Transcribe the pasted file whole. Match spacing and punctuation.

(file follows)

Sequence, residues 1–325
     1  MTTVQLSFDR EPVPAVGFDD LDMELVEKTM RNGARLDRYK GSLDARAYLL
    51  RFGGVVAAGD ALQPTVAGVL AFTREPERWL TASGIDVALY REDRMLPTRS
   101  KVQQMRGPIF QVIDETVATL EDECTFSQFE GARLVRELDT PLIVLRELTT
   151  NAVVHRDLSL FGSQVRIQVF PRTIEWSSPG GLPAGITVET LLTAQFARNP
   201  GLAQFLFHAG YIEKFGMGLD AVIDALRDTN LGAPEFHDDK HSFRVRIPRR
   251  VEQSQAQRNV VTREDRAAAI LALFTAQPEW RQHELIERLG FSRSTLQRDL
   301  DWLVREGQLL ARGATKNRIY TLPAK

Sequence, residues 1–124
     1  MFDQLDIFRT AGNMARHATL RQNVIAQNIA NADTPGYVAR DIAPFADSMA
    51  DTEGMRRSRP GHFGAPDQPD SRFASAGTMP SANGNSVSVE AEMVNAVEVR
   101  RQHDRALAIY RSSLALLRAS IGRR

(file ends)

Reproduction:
Sequence, residues 1–325
     1  MTTVQLSFDR EPVPAVGFDD LDMELVEKTM RNGARLDRYK GSLDARAYLL
    51  RFGGVVAAGD ALQPTVAGVL AFTREPERWL TASGIDVALY REDRMLPTRS
   101  KVQQMRGPIF QVIDETVATL EDECTFSQFE GARLVRELDT PLIVLRELTT
   151  NAVVHRDLSL FGSQVRIQVF PRTIEWSSPG GLPAGITVET LLTAQFARNP
   201  GLAQFLFHAG YIEKFGMGLD AVIDALRDTN LGAPEFHDDK HSFRVRIPRR
   251  VEQSQAQRNV VTREDRAAAI LALFTAQPEW RQHELIERLG FSRSTLQRDL
   301  DWLVREGQLL ARGATKNRIY TLPAK

Sequence, residues 1–124
     1  MFDQLDIFRT AGNMARHATL RQNVIAQNIA NADTPGYVAR DIAPFADSMA
    51  DTEGMRRSRP GHFGAPDQPD SRFASAGTMP SANGNSVSVE AEMVNAVEVR
   101  RQHDRALAIY RSSLALLRAS IGRR